Will the right hon. Gentleman give way?
I would be really grateful if we did not prolong this speech because the Minister has just a few minutes left to respond. Although Sir Hugo has permission to speak, he is not speaking on behalf of the Government. I want the Government to have the opportunity to speak and I would therefore be grateful if there were no interventions and we came to the Minister as soon as possible.
I will just say, in conclusion, therefore, that what is important for all parts of Sri Lanka—the Tamil, Sinhala and Muslim communities—is economic prosperity. I am glad that there is a tilt away from Chinese investment. I very much welcome the fact that the Sri Lankan Government are sending two Ministers to the Commonwealth Trade Ministers meeting next week, because I believe that the UK can do much more bilateral trade with Sri Lanka. Finally, a call I made quietly as a Minister is that although I welcome the hugely important diaspora Tamil community here—many Members have a large number of Tamil constituents—when we are looking at one Sri Lanka trying to reintegrate all the different communities I believe that there should be one all-party Sri Lanka group, not a division between the Tamils and the others.
It is a pleasure to work under your chairmanship, Mr Gapes. I am pleased to be able to squeeze a word in edgeways in this important debate. May I do as is common but important, and pay tribute to my hon. Friend the Member for Kingston and Surbiton (James Berry) who has brought the debate to the fore? I apologise that the Under-Secretary of State who deals with such matters, my hon. Friend the Member for Reading West (Alok Sharma), is unable to be here but, as has been pointed out, he is in Geneva at the Human Rights Council, having a meeting with the Foreign Minister of Sri Lanka. If there is an excuse to be had, I hope that that one will be accepted.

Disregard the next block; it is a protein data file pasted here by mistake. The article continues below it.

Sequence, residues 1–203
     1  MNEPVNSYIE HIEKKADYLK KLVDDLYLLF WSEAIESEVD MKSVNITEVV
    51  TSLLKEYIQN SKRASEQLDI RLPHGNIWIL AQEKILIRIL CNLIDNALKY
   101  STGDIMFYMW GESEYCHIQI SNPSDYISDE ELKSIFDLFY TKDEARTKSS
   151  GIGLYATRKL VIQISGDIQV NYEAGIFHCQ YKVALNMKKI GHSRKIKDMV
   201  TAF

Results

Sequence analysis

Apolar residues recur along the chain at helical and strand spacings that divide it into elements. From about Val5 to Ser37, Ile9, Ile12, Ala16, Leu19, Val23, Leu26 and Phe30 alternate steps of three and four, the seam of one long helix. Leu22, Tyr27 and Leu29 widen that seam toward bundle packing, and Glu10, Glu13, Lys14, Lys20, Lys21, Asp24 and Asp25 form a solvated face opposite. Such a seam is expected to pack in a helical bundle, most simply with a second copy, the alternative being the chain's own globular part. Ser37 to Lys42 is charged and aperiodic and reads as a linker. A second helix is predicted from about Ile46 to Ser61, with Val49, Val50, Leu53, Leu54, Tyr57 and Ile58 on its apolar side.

There have been important contributions to the debate, not least from the former Minister for this area, my right hon. Friend the Member for East Devon (Sir Hugo Swire), who shows not only his interest in and determination to pursue some of the aspects of the matter that he took up when in office but also that we must continue to push forward here today.
Sri Lanka’s co-sponsorship of Human Rights Council resolution 30/1 was a historic moment. It signalled the Sri Lankan Government’s determination to address the legacy of the devastating civil war and to move the country away from division and distrust and towards reconciliation and, indeed, prosperity. Important progress has been made but, as has been highlighted, much more needs to be done. The progress includes increased engagement with the UN, ratification of the convention on enforced disappearances, the start of a process of constitutional reform, the passing of a law to establish an office of missing persons, a nationwide consultation on transitional justice, an improved environment for civil society and human rights defenders, and the return of some of the land held by the military to its civilian owners. Although we should recognise that those are all important developments and that progress was not made under the previous Government, more clearly needs to be done.